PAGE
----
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Step 1 - What Are You Trying to Measure?

Step 1 - What Are You Trying to Measure?

By Kevin Keegan Kevin G. Keegan, DVM, MS, DACVS | Updated on | Editorial, KG Keegan, Objective vs. Subjective Opinion

Kevin G. Keegan, DVM, MS, Diplomate, American College of Veterinary Surgeons I often get asked by colleagues and fellow equine lameness investigators to compare inertial sensors to other methods of objective lameness measurement. My question in return is, “What are you trying to measure?" In my honest opinion, if you are only interested in measuring lameness in horses, for whatever reason, then the only way to do it practically today is with body-mounted inertial sensors. If you are interested in measuring something else, for example rider position on the horse, limb movement effects with shoeing, or if you are interested...

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Acceptance & Resistance of Lameness Measurement  – Seasoned Lameness Experts Sound Off

Acceptance & Resistance of Lameness Measurement – Seasoned Lameness Experts Sound Off

By Nancy Loving Nancy S. Loving, DVM, Loving Equine Clinic | Updated on | NS Loving, Objective vs. Subjective Opinion

Wellness exams and lameness evaluations often pose challenges for equine practitioners to pin down the root of a horse’s problem. Get it right and the client is forever indebted and is quick to voice confidence in your skills. Get it wrong, and they may abandon your practice and look elsewhere for veterinary expertise.  Yet, in today’s diagnostic armamentarium, there is a powerful tool that has the potential to increase not just client confidence in your expertise but also your own confidence in developing a diagnosis. Inertial sensor systems provide an objective analysis of a horse’s gait. Despite access...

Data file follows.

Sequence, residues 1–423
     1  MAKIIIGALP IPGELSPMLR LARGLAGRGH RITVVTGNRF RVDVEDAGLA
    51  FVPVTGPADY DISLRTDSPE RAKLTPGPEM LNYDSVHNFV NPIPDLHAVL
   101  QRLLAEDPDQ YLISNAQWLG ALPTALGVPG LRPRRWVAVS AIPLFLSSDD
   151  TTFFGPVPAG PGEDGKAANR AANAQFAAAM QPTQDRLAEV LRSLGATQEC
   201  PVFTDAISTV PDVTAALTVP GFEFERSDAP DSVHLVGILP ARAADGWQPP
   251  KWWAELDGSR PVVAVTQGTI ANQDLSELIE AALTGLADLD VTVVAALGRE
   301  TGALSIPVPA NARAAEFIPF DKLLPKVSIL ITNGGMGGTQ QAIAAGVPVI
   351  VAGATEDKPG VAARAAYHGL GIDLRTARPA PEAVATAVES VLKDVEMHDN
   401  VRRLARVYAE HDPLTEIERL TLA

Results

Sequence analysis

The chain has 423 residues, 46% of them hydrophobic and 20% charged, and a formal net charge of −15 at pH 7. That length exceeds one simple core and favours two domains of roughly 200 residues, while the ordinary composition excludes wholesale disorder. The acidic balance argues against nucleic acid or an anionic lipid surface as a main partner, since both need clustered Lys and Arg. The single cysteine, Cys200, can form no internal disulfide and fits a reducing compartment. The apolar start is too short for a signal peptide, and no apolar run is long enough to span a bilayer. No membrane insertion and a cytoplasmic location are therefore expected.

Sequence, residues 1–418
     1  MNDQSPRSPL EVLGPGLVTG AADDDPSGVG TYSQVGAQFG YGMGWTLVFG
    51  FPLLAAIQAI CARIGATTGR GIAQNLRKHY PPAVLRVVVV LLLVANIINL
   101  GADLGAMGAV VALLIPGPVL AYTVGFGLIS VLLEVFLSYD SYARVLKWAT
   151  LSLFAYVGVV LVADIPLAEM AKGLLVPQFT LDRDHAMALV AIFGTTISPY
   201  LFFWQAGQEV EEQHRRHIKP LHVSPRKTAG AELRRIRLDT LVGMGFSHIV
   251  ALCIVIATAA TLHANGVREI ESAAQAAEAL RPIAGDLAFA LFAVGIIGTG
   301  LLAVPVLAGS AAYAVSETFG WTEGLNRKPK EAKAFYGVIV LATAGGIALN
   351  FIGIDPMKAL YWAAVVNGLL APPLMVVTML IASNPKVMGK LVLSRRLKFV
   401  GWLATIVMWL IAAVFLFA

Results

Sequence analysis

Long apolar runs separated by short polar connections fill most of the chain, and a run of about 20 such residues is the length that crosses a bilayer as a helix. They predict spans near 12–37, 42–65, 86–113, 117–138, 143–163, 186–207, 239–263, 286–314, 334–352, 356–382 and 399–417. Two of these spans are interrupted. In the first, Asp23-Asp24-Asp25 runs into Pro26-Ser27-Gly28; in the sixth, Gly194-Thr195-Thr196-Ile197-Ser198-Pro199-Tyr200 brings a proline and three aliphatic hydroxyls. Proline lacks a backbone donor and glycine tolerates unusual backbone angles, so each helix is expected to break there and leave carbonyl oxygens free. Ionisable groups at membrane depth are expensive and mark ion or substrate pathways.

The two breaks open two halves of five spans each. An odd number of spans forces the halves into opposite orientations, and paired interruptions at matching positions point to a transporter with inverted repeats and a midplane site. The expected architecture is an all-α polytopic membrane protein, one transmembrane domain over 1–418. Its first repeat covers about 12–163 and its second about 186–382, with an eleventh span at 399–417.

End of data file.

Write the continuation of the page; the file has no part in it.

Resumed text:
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Visual Assessment of Lameness: Limitations and Pitfalls

Visual Assessment of Lameness: Limitations and Pitfalls

By Nancy Loving Nancy S. Loving, DVM, Loving Equine Clinic | Updated on | NS Loving, Objective vs. Subjective Opinion

There has been a long-standing discussion amongst many equine veterinarians about the confidence they feel using the naked eye to evaluate and assess lame horses.  Many feel certain that they have a keen eye and can discern even subtle gait asymmetries, and think that there is little need for objective assessment using inertial sensor modalities. A recent webinar presented by Maarten Oosterlinck, DVM, PhD, DECVSMR, DECVS and Sandra Starke, BSc, MSc, PhD cited interesting data on how such self-assessed confidence in visual assessment may not be all it seems. At the start of the discussion, Oosterlinck notes that it...

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When Subjective Opinion Disagrees with Inertial Sensor Measurements

When Subjective Opinion Disagrees with Inertial Sensor Measurements

By Kevin Keegan Kevin G. Keegan, DVM, MS, DACVS | Updated on | Data Collection, Data Interpretation, Editorial, KG Keegan, Objective vs. Subjective Opinion, OES Members Only

Whenever I use the Equinosis Q, which is on every lameness case, treatment checkup, or pre-purchase, I also always do a subjective lameness evaluation, determining and often times declaring my subjective impression regarding where (i.e. which limb or limbs) I think the lameness is. Sometimes there is disagreement between my subjective opinion and the results of the inertial sensors. What is my take on this? The short and easy answer is, "I was probably wrong". This happens occasionally and it no longer bothers me or my clients, or the students or house officers I am training. I am...

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All

Step 1 - What Are You Trying to Measure?

Acceptance & Resistance of Lameness Measurement – Seasoned Lameness Experts Sound Off

Visual Assessment of Lameness: Limitations and Pitfalls

When Subjective Opinion Disagrees with Inertial Sensor Measurements

An Inside Look At Objective Evaluation: All-Access Investigation of the Equinosis Q

Man with Machine Versus Man Without Machine: Debunking the Myths

Redefine Lameness? Accommodating the Layman’s Perspective on Lameness